It may seem that a stock RV would make for a perfect Tiny House on Wheels, or THOW. But the demands of everyday life are often too rigorous for “off the shelf” RVs, and many tiny dwellers have chosen to modify, or completely convert RV platforms to suit their down-sized lifestyles.
Among the various platforms available, one stands out as an excellent choice, the Airstream trailer.
This Argosy features a painted finish, rather than polished aluminum. No, it’s not primer but a fresh coat of white.
With an easy to work with open structure, a veritably indestructible aluminum hull, and a chassis so rugged that after 80 years of building them, the company can still brag that more than 70% of their original trailers are still road worthy, the Airstream demands consideration.
This Argosy looked rough at best before the renovation.
Keith Schneider is about as close to a bona-fide expert in this new and growing trend in housing, with over 30 builds in the Pacific Northwest, where tiny homes are being welcomed as an alternative in space challenged cities like Portland Oregon. So, when he needed a “mini mansion” he decided to take on an Airstream Argosy, a short lived line of painted trailers that did not feature the brand’s traditional polished finish on its aluminum shell.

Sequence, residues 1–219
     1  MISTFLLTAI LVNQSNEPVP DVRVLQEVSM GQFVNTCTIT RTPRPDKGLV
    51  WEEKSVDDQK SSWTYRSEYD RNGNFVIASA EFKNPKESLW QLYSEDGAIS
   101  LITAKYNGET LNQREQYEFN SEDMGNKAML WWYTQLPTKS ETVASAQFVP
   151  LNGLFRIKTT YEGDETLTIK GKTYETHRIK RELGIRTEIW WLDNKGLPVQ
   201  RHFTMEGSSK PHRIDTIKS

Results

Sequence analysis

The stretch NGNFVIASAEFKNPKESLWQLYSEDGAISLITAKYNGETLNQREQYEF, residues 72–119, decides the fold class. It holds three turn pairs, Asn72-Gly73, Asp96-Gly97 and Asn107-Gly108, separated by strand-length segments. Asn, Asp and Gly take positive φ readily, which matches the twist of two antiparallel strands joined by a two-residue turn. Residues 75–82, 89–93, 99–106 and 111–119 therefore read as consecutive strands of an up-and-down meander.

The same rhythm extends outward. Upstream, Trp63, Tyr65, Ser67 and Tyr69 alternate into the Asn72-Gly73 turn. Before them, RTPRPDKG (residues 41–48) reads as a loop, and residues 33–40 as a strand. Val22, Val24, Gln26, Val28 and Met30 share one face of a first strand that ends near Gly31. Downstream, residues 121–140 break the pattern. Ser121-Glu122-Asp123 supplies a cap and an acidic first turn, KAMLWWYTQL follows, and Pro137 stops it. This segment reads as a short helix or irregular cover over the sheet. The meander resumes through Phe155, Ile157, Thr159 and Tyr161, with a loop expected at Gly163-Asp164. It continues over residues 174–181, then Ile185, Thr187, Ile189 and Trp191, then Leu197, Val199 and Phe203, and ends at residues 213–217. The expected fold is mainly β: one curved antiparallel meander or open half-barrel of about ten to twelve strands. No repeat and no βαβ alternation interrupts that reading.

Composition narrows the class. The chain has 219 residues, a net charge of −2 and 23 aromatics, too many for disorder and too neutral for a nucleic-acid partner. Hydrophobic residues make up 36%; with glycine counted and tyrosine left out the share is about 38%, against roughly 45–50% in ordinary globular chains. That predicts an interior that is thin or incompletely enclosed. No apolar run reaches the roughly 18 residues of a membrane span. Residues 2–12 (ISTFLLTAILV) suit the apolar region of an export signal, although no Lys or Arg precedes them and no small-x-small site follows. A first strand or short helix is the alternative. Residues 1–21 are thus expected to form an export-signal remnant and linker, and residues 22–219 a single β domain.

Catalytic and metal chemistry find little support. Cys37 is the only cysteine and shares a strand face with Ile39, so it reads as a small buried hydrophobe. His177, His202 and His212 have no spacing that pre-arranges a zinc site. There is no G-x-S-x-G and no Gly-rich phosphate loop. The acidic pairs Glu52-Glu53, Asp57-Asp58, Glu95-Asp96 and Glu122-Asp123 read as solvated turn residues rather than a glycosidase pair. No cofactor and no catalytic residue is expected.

Keith Schneider, expert tiny builder, with his Argosy Mini Mansion.
He told The Register-Guard,
It’s a woodworker’s dream project — like building square cabinets inside an egg. As challenging as it gets. You’ve got cabinetry that’s square by nature, and you’ve got curves that change the whole way down. It’s absurd. … But there are two woodworking projects I’ve wanted to take on in my life: one of these, and an old Chris Craft wooden boat.
Beautiful custom bath with pedestal tub.
He’s done an exquisite job, as we think you’ll agree. This is one tiny house that not only provides a beautiful, welcoming environment, but thanks to the Airstream foundation, will travel whenever and wherever you want it to go.
Most of the hardwoods for the interior were locally sourced.
To read an in-depth interview with Schneider, visit The Register-Guard.